Meet Denis Lindsay Credit Union

An interview with Denis Lindsay
It’s another chance to get to know our Board of Directors. Today, we’re pleased to welcome Denis Lindsay as one of our newer Board Members, who joined in December 2019.

Denis, who says that his home is like living in an episode of “The Fresh Prince of Bel-Air”, has been living in Bristol for over 26 years ago with his wife, two children and a nephew who has been living with them for over 10 years. His nephew is the “Will” character, even though his son would like to believe that he is Will.

With his own IT consultancy, he joins the board as a technology and digital transformation expert with extensive experience of working on multinational programmes. He is also a partner in Cambridge Management Consulting, which is a specialist management consultancy with an emphasis on digital transformation. He is also a member of their Senior Leadership Team.

Denis is a Chartered Fellow of the Chartered Management Institute and is a Board Member of their CMI South West Regional Board and brings experience from voluntary non-executive roles, including with St Paul’s Carnival, as Chair of School governors and a Non-Executive Board member of a technology start-up.

Find out more about Denis, how he wants to extend Bristol Credit Union’s reach and is inspired by BCU’s reaction to the financial fallout of the Covid-19 crisis.

What is your definition or interpretation of credit unions?

My way of answering this question is to say why I wanted to get involved. My parents are from the Caribbean – Jamaica and Guyana. In the days before they came over to the UK, the Caribbean did not have a well-structured banking system for the majority of the citizens that lived in the region. Therefore, communities set up savings clubs so that they could put money away safely. What we now call the Windrush Generation brought this ‘pardner’ system to the UK. When they arrived here, it was difficult to access banking services, so these savings clubs enabled them to save up for larger purchases, such as cars and houses. I think of ethical banking as an extension of this. Credit unions, like BCU, are there to help those who can’t access traditional banking.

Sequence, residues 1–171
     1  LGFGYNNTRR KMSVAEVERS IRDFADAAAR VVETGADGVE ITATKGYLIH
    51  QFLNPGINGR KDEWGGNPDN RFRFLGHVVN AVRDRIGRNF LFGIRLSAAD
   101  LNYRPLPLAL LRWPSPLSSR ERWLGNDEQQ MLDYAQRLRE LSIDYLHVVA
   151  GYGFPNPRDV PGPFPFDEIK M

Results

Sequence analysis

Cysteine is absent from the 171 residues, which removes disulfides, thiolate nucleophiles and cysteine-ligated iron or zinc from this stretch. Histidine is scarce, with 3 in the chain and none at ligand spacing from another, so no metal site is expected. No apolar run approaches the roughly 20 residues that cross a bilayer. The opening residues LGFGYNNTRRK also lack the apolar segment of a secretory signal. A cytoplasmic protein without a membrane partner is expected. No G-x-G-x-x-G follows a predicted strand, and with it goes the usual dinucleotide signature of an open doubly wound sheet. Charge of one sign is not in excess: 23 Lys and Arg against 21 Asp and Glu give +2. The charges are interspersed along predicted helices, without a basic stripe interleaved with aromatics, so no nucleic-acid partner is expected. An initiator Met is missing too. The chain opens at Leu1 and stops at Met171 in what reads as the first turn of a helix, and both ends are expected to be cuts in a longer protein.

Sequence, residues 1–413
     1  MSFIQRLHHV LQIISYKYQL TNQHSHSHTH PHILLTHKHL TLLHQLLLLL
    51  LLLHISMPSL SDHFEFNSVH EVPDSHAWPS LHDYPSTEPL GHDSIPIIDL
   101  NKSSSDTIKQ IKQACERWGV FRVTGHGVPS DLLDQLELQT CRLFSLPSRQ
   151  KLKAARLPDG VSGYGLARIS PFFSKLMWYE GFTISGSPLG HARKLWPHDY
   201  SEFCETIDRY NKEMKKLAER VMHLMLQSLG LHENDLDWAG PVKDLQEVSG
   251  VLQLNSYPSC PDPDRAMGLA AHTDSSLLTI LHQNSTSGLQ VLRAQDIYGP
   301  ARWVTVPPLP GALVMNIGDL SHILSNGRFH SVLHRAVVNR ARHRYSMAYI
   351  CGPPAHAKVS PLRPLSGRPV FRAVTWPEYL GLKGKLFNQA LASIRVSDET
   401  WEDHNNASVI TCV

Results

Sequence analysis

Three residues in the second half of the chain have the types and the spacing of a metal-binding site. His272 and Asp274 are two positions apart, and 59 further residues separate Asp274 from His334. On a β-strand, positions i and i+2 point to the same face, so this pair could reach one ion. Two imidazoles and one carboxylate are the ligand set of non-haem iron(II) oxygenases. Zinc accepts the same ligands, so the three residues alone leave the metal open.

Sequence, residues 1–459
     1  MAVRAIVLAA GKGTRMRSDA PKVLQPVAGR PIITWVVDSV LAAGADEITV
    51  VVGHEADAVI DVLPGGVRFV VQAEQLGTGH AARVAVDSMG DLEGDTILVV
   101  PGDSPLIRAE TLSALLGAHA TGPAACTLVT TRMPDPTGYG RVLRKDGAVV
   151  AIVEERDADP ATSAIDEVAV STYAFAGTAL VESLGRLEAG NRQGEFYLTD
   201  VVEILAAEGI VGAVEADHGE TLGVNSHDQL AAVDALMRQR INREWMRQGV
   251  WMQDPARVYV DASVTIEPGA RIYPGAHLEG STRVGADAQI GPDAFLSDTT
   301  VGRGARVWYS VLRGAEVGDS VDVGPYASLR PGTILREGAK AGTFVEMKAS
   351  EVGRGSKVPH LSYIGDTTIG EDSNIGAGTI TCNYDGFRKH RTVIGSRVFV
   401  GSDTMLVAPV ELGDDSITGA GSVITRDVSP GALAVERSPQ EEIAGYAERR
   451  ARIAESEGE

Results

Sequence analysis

Why were you motivated to join Bristol Credit Union as a board member?

I feel I have lots of experience to share from my varied professional life and also from serving at board level. I joined St Paul’s Carnival Committee when it needed to reconstitute a new governing body. After two successful, award-winning carnivals, I stepped down in 2019. But I wanted to continue to give back to the community. I had just returned from holiday and saw a programme on the BBC, “A Matter of Life and Debt”, which motivated me to get involved with Bristol Credit Union.

What is your role at BCU?

I’m a Non-Executive on the Board and assist with the monitoring and implementation of strategy. I’m also on the People’s Committee, which I first attended in July.

What is the most rewarding part of your role?

I joined in December, and then in January things started to look worrying in China with the Coronavirus outbreak. I was away in New Orleans, and when I returned, the world seemed very different.

The most rewarding part is how we reacted to the pandemic. As Martin Luther King states: